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The trap of work life balance

Work life balance is a phrase that I hear a lot, especially as a working mom. When I hear it, I always imagine a scale with a stack of things on one side (work) and another stack of things on the other side (home).  Each thing is a different shape, size and weight. Each side of the scale has to be meticulously maintained but is hardly ever actually balanced. Balance seems pretty unattainable because you don’t know what the next ‘thing’ you have to add to your scale will be. Work life balance can be a pretty difficult goal to accomplish.

Let’s talk about time well spent

As a working mom, the way I spend my time is not about keeping two aspects of my life perfectly in balance.  It is about knowing how to invest my time and energy in the different parts of my life that are important to me.  Instead of imagining a scale, imagine that every day you get a purse full of coins. You can choose to put it in the family piggy bank or the career piggy bank or the self care piggy bank or the friends piggy bank or any other piggy bank you may have.  You need to figure out what the right mix of coins is for each piggy bank. To me, the family piggy bank is the most important. The career piggy bank is also very important. Some weeks, I put a little less in the family piggy bank than I would like, other weeks I put a little less in the career piggy bank but overall, I put the right amount in each.

Tips for working moms

You can be a working mom and be happy with your personal life and your work life.  As a working mom who has had two pregnancies in Corporate America and who has returned twice to full time jobs in Corporate America, I have learned some great lessons.  

  1. Great childcare is key to your professional success.

    We talked about it in our prior post.  You will not be happy as a mom if your child is not happy. You will not be able to focus on work if you are worried about your child.  

  2. Make a plan for how you will invest your time and energy and make it a habit.

    Do you need to be able to do drop offs everyday? What are the school events you must attend? Do you need a certain minimum number of hours every day with your child? Is there a recurring meeting at work that always requires extra preparation? Figure out the key moments or activities that are important to you and build a routine around them. You will not always get to participate in everything exactly how you want to. However, if you make it a routine the odds that you will be able to do it most of the time are in your favor.

  3. Do less so you can do more.

    Stop doing the extra things that you do not really need to do. Don’t plan a super fancy birthday party for your child if you know the planning will be stressful and your child really just wants to go on a train ride with his parents and eat a big cake. Avoid wasting time at work on small assignments that do not actually need to get done and probably won’t get noticed.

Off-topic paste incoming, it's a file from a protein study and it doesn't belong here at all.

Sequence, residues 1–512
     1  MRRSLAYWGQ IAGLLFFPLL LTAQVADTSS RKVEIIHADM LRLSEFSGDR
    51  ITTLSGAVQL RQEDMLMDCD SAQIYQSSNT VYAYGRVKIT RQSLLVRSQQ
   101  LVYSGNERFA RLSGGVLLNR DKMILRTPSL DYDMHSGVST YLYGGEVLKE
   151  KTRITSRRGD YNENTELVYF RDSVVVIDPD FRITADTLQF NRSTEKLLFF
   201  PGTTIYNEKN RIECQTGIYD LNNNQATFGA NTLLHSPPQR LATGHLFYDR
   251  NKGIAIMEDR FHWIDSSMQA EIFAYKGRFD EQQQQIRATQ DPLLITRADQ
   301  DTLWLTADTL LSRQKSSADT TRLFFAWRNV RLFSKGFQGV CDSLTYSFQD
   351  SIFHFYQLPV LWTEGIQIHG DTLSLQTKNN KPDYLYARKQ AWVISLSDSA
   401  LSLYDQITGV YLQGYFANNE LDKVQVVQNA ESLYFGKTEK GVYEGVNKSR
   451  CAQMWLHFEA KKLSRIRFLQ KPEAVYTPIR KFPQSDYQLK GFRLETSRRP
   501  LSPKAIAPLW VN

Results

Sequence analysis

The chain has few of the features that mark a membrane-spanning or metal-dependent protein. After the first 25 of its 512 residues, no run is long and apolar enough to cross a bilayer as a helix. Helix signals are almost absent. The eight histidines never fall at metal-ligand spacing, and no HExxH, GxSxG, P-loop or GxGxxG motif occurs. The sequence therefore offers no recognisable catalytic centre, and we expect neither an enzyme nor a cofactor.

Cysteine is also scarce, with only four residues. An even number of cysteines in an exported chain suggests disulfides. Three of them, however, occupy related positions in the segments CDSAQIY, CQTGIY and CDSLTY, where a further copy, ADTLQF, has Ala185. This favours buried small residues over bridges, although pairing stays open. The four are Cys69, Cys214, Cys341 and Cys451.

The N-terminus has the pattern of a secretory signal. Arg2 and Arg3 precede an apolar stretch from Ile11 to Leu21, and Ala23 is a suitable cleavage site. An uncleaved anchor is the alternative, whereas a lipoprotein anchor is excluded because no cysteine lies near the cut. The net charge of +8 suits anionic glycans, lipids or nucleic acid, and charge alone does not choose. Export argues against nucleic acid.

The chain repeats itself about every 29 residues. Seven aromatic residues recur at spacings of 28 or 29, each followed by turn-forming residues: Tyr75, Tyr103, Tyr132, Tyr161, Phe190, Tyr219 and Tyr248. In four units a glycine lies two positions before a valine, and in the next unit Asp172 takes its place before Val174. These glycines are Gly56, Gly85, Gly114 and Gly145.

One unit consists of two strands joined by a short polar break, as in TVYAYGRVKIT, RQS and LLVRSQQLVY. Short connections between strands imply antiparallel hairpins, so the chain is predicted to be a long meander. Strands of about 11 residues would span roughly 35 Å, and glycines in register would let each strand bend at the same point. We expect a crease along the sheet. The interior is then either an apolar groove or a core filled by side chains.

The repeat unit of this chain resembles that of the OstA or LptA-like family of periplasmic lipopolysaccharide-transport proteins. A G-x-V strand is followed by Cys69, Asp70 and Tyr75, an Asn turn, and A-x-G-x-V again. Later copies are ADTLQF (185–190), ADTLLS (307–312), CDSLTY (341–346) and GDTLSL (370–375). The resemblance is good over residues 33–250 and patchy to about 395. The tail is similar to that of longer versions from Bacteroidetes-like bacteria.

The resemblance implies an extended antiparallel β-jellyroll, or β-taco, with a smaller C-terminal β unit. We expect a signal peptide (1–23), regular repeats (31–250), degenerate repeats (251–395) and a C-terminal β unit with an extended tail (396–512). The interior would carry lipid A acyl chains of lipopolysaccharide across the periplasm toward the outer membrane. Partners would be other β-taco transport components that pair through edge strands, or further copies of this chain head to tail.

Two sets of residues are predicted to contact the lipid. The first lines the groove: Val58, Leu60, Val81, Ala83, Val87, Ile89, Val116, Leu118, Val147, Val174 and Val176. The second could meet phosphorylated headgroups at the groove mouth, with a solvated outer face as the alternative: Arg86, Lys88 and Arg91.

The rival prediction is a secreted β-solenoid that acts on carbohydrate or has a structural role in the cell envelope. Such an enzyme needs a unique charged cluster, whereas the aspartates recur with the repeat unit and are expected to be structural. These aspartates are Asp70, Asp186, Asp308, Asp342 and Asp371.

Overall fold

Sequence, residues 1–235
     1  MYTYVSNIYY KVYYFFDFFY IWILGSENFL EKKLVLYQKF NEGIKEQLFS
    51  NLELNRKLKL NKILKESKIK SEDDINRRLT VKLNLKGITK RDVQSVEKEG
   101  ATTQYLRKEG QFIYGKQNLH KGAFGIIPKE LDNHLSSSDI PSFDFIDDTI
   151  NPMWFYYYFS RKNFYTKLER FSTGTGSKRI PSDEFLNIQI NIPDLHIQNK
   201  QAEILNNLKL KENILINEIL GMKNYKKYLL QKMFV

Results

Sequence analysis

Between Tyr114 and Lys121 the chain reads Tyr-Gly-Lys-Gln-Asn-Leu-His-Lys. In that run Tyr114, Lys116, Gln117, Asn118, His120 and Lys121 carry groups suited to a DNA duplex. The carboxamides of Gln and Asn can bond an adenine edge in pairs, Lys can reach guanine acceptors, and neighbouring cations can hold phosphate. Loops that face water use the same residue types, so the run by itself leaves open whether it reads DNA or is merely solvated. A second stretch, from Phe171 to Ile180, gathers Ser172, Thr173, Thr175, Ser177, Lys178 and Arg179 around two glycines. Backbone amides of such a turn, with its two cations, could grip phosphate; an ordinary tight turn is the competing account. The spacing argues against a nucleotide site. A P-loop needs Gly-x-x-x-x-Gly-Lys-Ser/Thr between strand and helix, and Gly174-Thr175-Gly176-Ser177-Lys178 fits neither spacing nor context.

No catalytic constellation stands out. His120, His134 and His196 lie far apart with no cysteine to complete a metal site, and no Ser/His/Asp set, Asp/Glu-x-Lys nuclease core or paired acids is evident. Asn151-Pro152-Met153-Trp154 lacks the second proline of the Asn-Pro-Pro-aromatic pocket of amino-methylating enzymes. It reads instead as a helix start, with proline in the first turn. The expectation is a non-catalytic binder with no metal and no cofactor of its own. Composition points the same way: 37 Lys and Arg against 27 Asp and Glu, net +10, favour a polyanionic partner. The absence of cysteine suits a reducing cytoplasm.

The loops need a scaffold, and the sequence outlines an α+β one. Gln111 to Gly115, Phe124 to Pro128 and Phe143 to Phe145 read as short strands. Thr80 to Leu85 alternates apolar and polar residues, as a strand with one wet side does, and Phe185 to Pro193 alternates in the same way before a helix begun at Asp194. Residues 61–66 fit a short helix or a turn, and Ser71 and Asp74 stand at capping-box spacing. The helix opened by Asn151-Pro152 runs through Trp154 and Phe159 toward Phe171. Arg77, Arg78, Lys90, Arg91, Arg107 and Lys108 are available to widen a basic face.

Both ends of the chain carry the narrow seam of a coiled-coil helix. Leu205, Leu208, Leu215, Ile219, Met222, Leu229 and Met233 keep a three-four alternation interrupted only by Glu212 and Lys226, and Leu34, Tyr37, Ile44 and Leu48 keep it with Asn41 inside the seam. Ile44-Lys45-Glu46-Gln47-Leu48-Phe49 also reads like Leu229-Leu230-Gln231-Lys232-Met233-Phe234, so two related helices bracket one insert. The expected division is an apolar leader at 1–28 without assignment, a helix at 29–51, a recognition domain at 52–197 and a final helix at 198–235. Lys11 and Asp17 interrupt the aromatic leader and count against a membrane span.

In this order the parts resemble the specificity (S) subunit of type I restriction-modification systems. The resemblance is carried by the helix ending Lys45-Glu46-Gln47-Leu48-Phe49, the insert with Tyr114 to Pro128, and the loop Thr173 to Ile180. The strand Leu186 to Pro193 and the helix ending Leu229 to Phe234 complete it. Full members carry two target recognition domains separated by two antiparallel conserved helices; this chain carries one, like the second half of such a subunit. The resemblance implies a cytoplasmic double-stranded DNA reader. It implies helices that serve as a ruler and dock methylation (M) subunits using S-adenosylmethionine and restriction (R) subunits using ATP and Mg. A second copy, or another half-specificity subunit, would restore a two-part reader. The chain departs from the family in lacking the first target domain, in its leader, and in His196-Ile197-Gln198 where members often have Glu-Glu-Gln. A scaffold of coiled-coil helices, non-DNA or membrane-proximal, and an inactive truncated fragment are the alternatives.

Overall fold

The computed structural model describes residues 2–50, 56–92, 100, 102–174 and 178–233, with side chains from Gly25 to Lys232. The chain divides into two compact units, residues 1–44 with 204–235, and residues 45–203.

4. Invest in self-care.

    You may think the family and career piggy banks are the only ones that need coins but the self-care piggy bank does too.  Maybe you invested a lot here before you had children and don’t feel like you have enough coins to keep investing in it. It can be very hard for a working mom to invest in taking care of herself but it is very important. Small actions can add up to a big investment.  Focus on the things you can do with consistency.

  • Hydrate: Make sure you are drinking enough water.  Ditch the soda and the juice (ok as a treat but not as hydration). Don’t use coffee as a crutch
  • Eat healthy: Eat nutrient dense foods. You don’t need to cook regularly to do this. Just focus on eating whole foods and be thoughtful about what you order or buy prepackaged. Cut the sugar and simple carbs out (this can make your fatigue so much worse). Eat regular meals. Have healthy snacks around for food cravings.  Talk to one of the nutritionists on AfterThird for advice.
  • Prioritize your sleep. Baby is asleep and you want to sleep but you have laundry to fold….go to sleep.  Lay the laundry out flat somewhere so it doesn’t wrinkle (if that bothers you) and go to sleep. Have social plans but are incredibly tired? Cancel. Good friends and fellow moms will understand. 
  • Schedule in relaxation: Work with your partner (or support network) to schedule a regular time to enjoy some of your favorite activities. If this is too much, build ten minutes into your day for a breathing exercise, mini restorative yoga practice, or a brisk walk. Self-care matters. You can find health coaches, fitness experts and yoga experts on AfterThird for help getting started.

About the author. Meet Karolina.

I am a working mom and the founder of AfterThird. I am the daughter of a working mom, who is also the daughter of a working mom.  My grandmother worked at a time when few married women who could be full time homemakers chose to work. She was also a full time homemaker.  I founded AfterThird because I found myself completely unprepared when I became a parent. The transition was very tough for me and I want other new parents to have better access to good information and good support.